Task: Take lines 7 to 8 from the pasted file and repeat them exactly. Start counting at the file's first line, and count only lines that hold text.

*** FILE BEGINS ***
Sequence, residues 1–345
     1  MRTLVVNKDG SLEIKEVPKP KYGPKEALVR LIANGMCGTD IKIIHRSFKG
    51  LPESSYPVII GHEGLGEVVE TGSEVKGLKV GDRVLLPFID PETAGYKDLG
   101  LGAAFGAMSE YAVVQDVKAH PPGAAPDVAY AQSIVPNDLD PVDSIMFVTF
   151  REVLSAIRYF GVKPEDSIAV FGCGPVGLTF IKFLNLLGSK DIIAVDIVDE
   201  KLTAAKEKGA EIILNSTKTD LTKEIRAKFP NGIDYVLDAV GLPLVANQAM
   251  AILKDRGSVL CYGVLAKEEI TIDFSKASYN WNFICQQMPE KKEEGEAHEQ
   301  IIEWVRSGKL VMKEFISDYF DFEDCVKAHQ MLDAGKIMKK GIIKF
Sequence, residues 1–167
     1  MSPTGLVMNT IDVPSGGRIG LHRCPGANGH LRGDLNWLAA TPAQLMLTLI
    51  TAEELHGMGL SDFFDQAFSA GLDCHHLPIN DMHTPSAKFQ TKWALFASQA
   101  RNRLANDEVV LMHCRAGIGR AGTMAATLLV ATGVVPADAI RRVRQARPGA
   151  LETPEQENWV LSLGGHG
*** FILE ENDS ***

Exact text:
   251  AILKDRGSVL CYGVLAKEEI TIDFSKASYN WNFICQQMPE KKEEGEAHEQ
   301  IIEWVRSGKL VMKEFISDYF DFEDCVKAHQ MLDAGKIMKK GIIKF